Terry Gou

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Terry Gou
Terry Gou.jpg
Gou in 2011
Born Guo Tai-ming
(1950-10-08) October 8, 1950 (age 66)
Banqiao, Taipei County, Taiwan
Nationality Taiwan
Occupation Founder and Chairman of Foxconn
Years active 1974–present
Net worth IncreaseUS$6.6 billion (September 2016)[1]
Children 5

Terry Gou (Chinese: 郭台銘; pinyin: Guō Táimíng; born October 8, 1950) is a Taiwanese tycoon who is the founder and chairman of Foxconn,[2] a company that does contract manufacturing of electronics for other companies such as Apple Inc. It is the largest electronics manufacturing services company in the world, with factories in several countries, mostly in mainland China, where it employs 1.2 million people and is its largest exporter.[3]

Early life[edit]

Gou was born in Banqiao Township, Taipei County (now Banqiao District, New Taipei). His parents lived on mainland China's Shanxi Province before they fled to Taiwan in 1949,[4] where Gou was born. His father was a career police officer. As the first child of his family, Gou received education from elementary school to post college. After graduation, he continued to work in a rubber factory, working at a grinding wheel, and medicine plant until the age of 24. Guo has two younger brothers, Tai-Chiang Guo and Tony Guo, who have both become successful businessmen as well.

Hon Hai[edit]

Terry Guo founded Hon Hai in Taiwan in 1974[5] with $7500 in startup money and ten elderly workers, making plastic parts for television sets in a rented shed in Tucheng, a suburb of Taipei.[6] A turning point came in 1980 when he received an order from Atari to make the console joystick.[6] He further expanded his business in the 1980s by embarking on an 11-month trip across the US in search of customers. As an aggressive salesman, Guo broke in uninvited into many companies and was able to get additional orders, despite having security called on him multiple times.[6]

In 1988 he opened his first factory in mainland China, in Shenzhen, where his largest factory remains today. Operations in China took on a giant dimension when Guo vertically integrated the assembly process and facilities for workers. The manufacturing site became a campus that included housing, dining, and medical care and burial for the workers, and even chicken farming to replenish the cafeteria.[6]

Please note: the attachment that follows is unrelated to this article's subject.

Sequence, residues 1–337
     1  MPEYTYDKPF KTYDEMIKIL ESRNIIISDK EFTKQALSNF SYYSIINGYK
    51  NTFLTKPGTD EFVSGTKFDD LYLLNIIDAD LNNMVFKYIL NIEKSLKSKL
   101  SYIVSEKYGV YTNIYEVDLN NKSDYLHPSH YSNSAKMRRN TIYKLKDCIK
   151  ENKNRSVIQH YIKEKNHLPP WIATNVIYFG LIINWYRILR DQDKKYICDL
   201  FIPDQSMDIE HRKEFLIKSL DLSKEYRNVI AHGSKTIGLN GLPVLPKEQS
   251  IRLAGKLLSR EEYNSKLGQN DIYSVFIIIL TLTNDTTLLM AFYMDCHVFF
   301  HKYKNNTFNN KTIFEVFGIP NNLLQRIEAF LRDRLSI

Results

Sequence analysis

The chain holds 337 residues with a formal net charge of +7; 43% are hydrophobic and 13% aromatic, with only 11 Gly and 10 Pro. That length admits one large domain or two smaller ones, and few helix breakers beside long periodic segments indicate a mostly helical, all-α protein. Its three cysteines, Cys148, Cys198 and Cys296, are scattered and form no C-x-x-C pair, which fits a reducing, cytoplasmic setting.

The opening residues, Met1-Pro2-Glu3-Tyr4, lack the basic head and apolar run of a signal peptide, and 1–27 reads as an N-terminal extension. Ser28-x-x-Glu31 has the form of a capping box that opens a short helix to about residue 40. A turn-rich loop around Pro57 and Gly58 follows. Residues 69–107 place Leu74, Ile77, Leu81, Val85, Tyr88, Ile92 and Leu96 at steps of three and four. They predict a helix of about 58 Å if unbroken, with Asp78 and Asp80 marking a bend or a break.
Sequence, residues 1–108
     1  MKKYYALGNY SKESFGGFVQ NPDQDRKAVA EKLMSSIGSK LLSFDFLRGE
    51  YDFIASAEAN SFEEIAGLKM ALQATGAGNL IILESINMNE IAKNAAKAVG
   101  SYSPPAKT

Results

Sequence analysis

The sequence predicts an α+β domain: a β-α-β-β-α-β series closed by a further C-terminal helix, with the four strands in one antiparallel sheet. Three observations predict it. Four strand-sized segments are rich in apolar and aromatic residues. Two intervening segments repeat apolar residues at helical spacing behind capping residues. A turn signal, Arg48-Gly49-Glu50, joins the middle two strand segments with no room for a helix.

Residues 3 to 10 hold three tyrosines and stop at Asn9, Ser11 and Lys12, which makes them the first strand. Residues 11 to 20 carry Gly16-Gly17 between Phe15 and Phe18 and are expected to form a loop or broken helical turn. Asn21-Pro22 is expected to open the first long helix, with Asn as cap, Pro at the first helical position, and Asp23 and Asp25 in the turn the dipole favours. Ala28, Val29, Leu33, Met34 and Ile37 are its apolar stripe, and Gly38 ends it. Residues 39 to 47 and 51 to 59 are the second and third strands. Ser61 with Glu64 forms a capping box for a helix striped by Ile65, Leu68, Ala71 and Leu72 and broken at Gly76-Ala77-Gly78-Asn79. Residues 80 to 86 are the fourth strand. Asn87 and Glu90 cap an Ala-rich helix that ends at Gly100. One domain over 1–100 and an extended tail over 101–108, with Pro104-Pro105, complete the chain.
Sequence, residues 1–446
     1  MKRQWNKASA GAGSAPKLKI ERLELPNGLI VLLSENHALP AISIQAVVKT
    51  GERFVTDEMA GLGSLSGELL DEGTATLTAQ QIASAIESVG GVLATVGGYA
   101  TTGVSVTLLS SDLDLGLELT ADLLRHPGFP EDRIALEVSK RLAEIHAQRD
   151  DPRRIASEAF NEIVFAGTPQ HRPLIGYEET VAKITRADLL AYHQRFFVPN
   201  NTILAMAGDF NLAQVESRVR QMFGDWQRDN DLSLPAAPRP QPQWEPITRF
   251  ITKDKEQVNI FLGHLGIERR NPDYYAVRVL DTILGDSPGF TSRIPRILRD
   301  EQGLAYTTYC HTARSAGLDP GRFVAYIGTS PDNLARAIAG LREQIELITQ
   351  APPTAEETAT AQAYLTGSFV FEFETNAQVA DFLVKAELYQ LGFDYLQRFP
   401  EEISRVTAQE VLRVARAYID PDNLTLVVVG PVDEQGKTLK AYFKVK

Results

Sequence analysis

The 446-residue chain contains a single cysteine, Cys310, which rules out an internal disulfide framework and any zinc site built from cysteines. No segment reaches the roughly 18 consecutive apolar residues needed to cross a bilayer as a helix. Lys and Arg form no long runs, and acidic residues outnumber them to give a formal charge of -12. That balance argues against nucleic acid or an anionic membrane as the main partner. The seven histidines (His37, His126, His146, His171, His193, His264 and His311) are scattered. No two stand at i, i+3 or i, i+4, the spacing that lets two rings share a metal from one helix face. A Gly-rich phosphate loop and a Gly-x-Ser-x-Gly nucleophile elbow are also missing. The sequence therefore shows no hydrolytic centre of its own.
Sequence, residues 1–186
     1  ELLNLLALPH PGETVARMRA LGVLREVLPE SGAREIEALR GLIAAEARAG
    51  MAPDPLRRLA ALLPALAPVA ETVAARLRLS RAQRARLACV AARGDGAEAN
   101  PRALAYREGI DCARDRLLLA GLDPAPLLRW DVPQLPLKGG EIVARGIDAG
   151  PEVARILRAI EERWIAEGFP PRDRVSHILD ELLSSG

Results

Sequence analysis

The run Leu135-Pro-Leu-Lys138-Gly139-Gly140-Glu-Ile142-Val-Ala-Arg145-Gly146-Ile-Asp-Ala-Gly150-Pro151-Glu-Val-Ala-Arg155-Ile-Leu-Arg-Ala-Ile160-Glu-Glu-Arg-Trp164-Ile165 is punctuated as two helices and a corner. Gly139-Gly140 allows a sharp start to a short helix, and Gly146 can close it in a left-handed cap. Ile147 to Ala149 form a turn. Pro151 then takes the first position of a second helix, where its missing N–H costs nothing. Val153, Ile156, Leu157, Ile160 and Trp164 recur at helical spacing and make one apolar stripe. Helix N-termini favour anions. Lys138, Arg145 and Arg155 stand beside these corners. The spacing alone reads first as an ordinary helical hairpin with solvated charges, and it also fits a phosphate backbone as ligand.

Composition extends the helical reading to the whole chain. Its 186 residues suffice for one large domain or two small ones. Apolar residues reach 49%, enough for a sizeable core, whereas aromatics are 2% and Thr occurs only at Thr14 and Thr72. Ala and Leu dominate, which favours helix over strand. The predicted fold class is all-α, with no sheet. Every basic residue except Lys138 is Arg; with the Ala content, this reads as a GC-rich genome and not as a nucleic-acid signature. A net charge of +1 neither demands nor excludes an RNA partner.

In 1996, Hon Hai started building chassis for Compaq desktops. From this turning point, he gained other customers for building the bare bones chassis including HP, IBM, and Apple, and would go on to grow into a consumer electronics giant within years.[6]

Gou's net worth was valued at US$5.7 billion in 2011.[7] As of 2013, he owned 13% of the public company and was ranked 239th on Forbes magazine's 2013 list of the world's richest people, with a net worth of US$5.1 billion.[1] By 2015, Gou was worth US$6.7 billion.[8] The next year, Forbes reported that Gou's net worth had fallen to US$5.6 billion.[9]

Guo drew controversy when comments he made during a board meeting about employees were translated into English as "Hon Hai has a workforce of over one million worldwide and as human beings are also animals, to manage one million animals gives me a headache."[10][11] Through Foxconn, Guo would protest that the translation was poor and took his comments out of context.

Political stances[edit]

In the 2012 Taiwanese presidential election, Gou endorsed Ma Ying-jeou,[12][13] stating that Ma was an "experienced, outstanding helmsman."[14] After Donald Trump won the 2016 United States presidential election, Gou was the subject of a spoof open letter in Bloomberg, in which author Tim Culpan was severely critical of Trump.[15] The article was mistakenly reported as having been written by Gou himself.[16] Earlier that year, it was widely reported that Gou was considering a 2020 Taiwanese presidential bid,[17][18] and such speculation continued into 2017.[19][20]

Personal life[edit]

Guo and his first wife, Serena Lin (林淑如; Lín Shúrú; 1950–2005), have a son who works in the film and real estate industries and a daughter who worked in the financial sector.[21] Guo founded an educational charity with Lin in 2000 and intends to eventually give away one third of his wealth to charity.[3] After her mother died, Gou's daughter assumed leadership her mother's charity.[21]